18. Darth_Revan

    Darth_Revan Secret Squirrel Prestige DLP Supporter

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    And? So what? It's not my job to fix it, it's theirs. As a user, my only input is to say "Hey, this is a problem", and as a citizen, my only input is "Hey, make them fix this problem." The rest is their problem.

    This would be like if a company made a toaster which gives its owners electric shocks and then when people got made about it, they said it was a design flaw but they just wouldn't bother fixing it.
    --- Post automerged ---
    Sounds great, let's do it.

    Also sounds great, you don't need syringes for medical injections like insulin, so why do people who aren't doctors have them?
     
  19. Agayek

    Agayek Fourth Champion DLP Supporter

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    To be more accurate, it would be as if a company made a toaster that shocked the user, and rubber/insulators didn't exist.

    It's not so much a design flaw as a fundamentally impossible to solve problem; the tools to do so simply aren't available anywhere.
     
  20. ScottPress

    ScottPress The Horny Sovereign Prestige

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    Like Agayek said, literally no one is disagreeing with you about CP and terrorism and illegal shit like that. The core issue here is that the proposed UK regulation would include ill-defined things that don't specifically target stuff like CP or terrorism, but nebulous things like cyberbullying.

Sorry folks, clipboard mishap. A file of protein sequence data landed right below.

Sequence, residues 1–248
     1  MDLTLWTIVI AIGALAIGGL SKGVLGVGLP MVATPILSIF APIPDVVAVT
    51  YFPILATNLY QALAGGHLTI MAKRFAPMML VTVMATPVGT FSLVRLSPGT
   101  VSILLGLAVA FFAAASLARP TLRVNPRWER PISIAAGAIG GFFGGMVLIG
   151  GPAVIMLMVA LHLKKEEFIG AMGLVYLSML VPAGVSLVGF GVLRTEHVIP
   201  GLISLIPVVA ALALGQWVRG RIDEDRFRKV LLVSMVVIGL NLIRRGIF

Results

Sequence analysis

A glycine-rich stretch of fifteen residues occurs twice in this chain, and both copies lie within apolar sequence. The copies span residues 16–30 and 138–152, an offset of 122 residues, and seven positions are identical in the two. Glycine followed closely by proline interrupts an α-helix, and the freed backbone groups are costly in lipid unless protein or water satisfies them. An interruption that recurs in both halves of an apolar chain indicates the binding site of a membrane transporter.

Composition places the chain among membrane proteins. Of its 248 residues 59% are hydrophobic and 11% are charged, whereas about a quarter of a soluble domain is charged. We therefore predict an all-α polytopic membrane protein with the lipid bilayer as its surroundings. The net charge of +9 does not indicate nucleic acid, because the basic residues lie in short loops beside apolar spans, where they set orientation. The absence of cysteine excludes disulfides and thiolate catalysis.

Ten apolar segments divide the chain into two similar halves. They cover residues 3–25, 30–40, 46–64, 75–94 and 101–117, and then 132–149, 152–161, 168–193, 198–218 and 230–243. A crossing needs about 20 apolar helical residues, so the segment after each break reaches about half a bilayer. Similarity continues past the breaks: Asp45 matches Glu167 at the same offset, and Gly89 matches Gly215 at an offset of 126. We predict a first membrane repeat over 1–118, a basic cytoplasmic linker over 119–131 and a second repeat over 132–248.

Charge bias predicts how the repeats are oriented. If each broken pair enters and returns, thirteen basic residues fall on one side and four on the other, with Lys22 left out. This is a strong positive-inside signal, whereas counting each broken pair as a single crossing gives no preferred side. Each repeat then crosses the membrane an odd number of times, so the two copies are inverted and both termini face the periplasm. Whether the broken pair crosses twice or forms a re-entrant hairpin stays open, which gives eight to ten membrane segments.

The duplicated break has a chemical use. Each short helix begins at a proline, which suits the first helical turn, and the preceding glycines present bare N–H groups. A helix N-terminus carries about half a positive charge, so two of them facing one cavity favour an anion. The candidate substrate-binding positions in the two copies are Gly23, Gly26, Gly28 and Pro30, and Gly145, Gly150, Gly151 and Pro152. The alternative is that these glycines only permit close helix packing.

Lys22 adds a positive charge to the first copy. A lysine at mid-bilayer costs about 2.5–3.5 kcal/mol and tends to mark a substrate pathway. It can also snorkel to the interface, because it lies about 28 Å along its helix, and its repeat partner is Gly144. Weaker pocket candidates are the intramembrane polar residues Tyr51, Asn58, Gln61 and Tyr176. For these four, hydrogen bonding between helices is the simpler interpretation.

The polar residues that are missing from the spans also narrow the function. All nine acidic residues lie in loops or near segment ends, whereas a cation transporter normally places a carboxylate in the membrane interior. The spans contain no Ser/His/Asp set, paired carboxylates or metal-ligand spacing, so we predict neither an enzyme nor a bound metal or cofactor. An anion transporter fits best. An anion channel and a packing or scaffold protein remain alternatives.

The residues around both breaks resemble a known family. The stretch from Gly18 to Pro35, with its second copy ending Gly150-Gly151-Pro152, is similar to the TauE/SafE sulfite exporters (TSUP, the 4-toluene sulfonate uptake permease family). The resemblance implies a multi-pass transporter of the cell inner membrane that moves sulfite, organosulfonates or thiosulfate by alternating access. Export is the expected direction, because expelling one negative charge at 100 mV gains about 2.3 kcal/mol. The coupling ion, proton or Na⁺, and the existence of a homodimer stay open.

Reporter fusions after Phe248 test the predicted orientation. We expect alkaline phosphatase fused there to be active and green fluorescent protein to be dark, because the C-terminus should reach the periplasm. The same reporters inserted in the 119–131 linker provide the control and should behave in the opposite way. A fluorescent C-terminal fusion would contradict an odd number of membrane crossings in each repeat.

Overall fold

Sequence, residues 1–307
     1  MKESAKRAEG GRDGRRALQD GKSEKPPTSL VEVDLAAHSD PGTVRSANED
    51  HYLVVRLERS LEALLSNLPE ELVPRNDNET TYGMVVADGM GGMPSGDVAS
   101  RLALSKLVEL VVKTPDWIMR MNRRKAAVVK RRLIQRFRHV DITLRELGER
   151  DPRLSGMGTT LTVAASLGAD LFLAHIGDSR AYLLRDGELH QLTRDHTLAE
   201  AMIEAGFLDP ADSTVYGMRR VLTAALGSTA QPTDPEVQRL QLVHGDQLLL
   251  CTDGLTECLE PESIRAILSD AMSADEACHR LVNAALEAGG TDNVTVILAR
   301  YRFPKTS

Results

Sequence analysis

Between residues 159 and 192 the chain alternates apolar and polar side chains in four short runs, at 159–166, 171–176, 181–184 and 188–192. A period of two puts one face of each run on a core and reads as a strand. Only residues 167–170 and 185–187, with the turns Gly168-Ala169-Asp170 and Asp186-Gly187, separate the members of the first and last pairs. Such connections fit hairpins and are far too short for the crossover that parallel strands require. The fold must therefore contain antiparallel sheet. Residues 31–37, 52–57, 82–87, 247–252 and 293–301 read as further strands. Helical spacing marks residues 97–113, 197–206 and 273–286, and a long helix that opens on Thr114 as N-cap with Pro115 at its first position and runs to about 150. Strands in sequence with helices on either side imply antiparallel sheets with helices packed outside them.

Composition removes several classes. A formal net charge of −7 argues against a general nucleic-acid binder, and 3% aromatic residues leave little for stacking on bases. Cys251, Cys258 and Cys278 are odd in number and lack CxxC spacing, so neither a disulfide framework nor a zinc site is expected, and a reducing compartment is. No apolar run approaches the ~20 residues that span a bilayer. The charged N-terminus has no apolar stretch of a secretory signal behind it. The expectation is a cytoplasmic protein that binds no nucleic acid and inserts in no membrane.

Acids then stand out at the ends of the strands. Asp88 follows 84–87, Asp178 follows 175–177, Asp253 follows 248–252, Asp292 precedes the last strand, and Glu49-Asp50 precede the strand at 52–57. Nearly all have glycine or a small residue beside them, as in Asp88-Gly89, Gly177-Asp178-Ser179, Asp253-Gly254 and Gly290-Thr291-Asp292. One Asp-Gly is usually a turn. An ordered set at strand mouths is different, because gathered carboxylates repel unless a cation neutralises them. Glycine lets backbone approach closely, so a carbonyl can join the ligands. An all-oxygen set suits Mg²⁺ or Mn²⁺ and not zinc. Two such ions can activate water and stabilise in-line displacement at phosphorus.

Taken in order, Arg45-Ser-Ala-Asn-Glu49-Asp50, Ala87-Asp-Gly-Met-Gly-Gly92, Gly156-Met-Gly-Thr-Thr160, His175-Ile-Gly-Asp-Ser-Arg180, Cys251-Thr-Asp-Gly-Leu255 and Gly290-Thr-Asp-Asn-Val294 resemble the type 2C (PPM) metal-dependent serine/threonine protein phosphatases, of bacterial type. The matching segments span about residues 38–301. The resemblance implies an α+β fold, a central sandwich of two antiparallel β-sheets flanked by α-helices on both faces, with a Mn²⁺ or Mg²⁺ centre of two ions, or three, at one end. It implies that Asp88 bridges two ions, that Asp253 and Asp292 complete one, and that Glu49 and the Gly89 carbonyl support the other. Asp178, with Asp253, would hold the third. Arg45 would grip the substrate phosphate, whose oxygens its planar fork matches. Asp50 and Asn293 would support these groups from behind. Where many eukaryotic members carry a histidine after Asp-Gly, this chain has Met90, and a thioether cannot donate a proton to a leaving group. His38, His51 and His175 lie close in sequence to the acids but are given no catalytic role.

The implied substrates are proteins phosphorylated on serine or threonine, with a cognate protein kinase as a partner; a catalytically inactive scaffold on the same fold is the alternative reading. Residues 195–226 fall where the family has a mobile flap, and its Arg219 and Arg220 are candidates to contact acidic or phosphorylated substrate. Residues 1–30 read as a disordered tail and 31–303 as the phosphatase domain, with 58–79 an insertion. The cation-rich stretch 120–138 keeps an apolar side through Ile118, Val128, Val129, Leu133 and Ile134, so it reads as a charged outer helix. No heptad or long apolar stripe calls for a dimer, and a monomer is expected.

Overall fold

And no one disagrees that social media needs to be able to moderate itself better, but it's just not possible. It sure would be nice to eliminate all fossil fuels tomorrow, but passing a law that mandates it doesn't make it remotely feasible. We have to operate within the realms of what's possible.

    The knee-jerk reaction to "Fb is failing children" and passing a law that enables the govt to be more draconian if it so chooses accomplishes nothing but enabling the govt to be more draconian if it so chooses, and there's no fucking way the govt won't use that new power at some point.
    --- Post automerged ---
    Now you just sound like a complete idiot. How far can we stretch this? Microwaved meals exist, no one actually needs knives in their kitchen. Just a plastic spork is enough. You know what, let's just put everyone in padded rooms. The end goal is just to keep people alive. Individual liberties don't matter.

    And you call me stupid. Pffft.